Sunday, September 29, 2013
I'm a little late with this one but The Weinstein Company has a FREE movie pitch contest:
As the grand prize of their awesome new "Master Storyteller" contest, the people behind huge recent films like "Django Unchained", "Lee Daniels' The Butler" and "Silver Linings Playbook" are offering one talented winner the opportunity to have their pitch or film treatment read by one of the company's Development Executives. Not buried at the bottom of a stack of unsolicited scripts or skimmed by an intern, but genuinely and carefully read by one of the few people capable of actually transforming your idea into a major feature-film. And by the time your pitch is crowned the winner, The Weinstein Company will be paying very close attention, as your idea will have been one of five finalists chosen by a sponsored judge on the merits of its creative vision, its originality, and the viability of the idea as the germ of a movie that could actually be made. While the contest naturally doesn't guarantee that The Weinstein Company will develop the winning pitch, this is nevertheless an incredibly rare opportunity to get your foot in a door that seems to be closing more and more every year.
Eligible submissions must be written treatments between 200 and 1,000 words in length, describing the premise and plot of your proposed film. The pitches have to be completely original ideas that have never been publicly published or submitted to any prior contests.
The deadline is 10-03-13 (yikes!), 11:59am (EST). One entry per household. The submission length certainly doesn't require a lot of heavy lifting, but the terms of service look a bit intimidating so proceed with caution. I entered just two contests this year, so I *might* give it a shot. My only real challenge is figuring out which idea to pitch...
Check them out on facebook for details.
Thursday, September 19, 2013
I wasn’t blown away, but the premiere was pretty solid. The tone and execution is very different from Orci and Kurtzman’s previous work on Fringe. Sleepy Hollow is a fun B-movie premise squeezed into a TV show. Having someone like Len Wiseman direct the pilot also helped create a cinematic atmosphere.
Pilots tend to have a lot of exposition, but this was bursting at the seams! While I love the idea of connecting the Headless Horseman to the Four Horsemen of the Apocalypse, there was too much info to digest. All that stuff about demons, dueling covens, conspiracy theories -- the story desperately needed time to breathe. It made me long for the days of two hour pilots or limited commercial interruptions. Unfortunately, most TV series can no longer afford that luxury. I do think a few deaths would have had a bigger impact if they occurred in future episodes. John Cho and Clancy Brown needed more to do...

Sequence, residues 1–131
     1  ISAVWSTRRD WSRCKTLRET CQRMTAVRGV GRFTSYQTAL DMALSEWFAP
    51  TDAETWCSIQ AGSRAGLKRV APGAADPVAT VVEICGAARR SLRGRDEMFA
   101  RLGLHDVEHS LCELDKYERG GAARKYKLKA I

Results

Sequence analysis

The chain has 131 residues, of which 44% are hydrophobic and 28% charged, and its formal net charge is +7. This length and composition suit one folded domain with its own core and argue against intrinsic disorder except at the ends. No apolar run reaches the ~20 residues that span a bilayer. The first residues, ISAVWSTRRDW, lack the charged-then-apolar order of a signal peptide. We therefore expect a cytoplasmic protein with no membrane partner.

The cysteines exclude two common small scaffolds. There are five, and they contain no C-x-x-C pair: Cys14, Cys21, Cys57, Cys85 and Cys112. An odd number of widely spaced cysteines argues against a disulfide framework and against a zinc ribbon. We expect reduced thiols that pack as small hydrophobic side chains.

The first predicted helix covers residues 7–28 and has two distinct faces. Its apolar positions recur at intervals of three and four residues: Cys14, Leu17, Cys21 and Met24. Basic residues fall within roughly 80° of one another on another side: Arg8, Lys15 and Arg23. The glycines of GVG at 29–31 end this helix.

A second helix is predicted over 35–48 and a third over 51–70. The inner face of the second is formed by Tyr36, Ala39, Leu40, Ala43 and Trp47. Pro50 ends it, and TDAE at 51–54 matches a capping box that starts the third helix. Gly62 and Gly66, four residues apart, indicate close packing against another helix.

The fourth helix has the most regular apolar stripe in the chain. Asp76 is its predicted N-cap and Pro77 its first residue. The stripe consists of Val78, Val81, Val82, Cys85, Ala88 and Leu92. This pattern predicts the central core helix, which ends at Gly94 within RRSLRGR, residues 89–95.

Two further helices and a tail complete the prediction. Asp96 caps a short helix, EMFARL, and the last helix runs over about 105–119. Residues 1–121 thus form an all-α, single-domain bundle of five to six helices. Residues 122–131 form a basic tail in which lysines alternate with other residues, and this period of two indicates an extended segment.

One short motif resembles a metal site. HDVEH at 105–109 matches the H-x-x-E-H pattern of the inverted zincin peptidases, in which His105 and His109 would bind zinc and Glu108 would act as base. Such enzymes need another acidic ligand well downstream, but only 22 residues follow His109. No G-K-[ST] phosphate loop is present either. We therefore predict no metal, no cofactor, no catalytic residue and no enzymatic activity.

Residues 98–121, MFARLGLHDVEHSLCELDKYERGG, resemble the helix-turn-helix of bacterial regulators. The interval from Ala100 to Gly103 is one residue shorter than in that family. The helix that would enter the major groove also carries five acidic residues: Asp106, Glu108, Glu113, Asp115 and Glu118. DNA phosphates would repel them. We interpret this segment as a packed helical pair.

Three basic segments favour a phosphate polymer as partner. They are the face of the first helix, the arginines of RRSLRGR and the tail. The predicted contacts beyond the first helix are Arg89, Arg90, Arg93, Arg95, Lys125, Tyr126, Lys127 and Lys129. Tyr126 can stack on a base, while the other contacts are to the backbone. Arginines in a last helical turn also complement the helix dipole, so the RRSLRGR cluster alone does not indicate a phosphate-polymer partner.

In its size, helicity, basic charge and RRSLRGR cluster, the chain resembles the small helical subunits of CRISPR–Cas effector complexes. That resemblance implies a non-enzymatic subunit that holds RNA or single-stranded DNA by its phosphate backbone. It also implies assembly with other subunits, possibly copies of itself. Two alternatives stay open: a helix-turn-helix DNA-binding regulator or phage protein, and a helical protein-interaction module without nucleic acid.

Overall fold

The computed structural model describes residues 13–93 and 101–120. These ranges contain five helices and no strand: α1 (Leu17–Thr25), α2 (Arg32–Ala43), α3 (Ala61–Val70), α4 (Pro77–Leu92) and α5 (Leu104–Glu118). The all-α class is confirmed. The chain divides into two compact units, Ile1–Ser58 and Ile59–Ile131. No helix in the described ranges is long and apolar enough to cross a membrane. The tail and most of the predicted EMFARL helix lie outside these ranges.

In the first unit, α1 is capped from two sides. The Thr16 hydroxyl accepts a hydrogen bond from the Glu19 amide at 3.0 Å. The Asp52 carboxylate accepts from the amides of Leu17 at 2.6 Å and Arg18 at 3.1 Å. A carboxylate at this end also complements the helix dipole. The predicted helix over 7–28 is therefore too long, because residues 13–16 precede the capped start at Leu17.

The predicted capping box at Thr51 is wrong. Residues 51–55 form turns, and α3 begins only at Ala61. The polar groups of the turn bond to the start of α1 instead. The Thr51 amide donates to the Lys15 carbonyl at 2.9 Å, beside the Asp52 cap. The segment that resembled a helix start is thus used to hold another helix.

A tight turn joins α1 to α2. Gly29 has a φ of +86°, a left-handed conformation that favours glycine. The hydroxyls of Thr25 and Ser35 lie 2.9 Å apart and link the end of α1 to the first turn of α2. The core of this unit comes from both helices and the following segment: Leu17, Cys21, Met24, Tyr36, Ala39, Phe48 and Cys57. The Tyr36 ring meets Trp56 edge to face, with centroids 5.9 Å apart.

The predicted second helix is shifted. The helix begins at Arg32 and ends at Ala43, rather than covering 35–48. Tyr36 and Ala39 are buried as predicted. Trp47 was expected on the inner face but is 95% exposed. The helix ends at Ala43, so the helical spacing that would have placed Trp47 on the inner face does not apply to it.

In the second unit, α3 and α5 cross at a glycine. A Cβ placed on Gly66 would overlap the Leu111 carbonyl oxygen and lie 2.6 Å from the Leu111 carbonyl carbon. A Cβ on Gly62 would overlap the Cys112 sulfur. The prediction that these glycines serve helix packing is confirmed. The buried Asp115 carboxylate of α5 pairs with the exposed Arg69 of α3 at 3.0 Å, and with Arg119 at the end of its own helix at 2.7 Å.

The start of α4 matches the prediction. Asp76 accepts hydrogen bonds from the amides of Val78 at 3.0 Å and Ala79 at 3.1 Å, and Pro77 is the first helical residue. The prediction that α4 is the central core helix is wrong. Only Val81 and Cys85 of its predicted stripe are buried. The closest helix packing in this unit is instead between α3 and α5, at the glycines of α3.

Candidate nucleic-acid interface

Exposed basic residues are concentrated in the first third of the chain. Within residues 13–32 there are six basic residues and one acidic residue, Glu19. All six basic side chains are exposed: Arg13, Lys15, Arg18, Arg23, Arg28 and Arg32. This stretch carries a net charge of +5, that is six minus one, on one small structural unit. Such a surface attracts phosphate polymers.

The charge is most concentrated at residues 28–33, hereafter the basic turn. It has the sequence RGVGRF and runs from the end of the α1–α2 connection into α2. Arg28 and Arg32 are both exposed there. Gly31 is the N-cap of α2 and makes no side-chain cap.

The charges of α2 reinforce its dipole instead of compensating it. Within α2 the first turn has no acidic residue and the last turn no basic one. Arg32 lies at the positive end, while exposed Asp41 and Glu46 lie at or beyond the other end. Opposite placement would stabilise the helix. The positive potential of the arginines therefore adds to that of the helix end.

The two leads, Tom Mison and Nicole Beharie, seem likable enough and had good chemistry. Ichabod Crane isn’t quite the fish-out-of-water I was expecting. He seems to be adjusting rather well for a guy dropped smack into 21st century. We’ll probably see him struggle as the season progresses. I suspect Abby will discover that she has a connection to one of the covens.
Finally, I was surprised how well Sleepy Hollow fared in the ratings. The highest FOX debut in 6 years -- 10 million viewers. My quick unscientific survey of the internets indicated most folks seemed to like what they saw. We’ll see if they come back next week...
Tuesday, September 03, 2013
Worst. Summer. Ever. The above image represents my creative flow over the last few months. My muse has been sealed up behind that brick wall like poor Fortunato in The Cask of Amontillado. Now I didn’t just wake up one morning with this dreaded affliction, it was more of a creeping shadow that gradually overtook me. I usually have bursts of productivity, followed by the occasional dry spell, but the bursts became less frequent and the dry spell grew into a vast, endless desert. It all started with missing some self-imposed and contest deadlines, until I found myself staring at a blinking cursor on a blank screen...
So here I am, sitting with an unfinished script, doing my darndest to finish it, but I don’t want to paint a completely dire picture. It’s not like I’m stuck on page ten or something like that. I just wish it was done already. My last post about Joss Whedon’s writing advice has been pretty timely. I haven’t been sitting around and twiddling my thumbs. Scribbling notes/scenes for future scripts and watching a lot of (mostly bad) movies. I have a glut of stuff to blog about so there’s that. Eventually I’ll get over that hump, I would just prefer it to be sooner than later.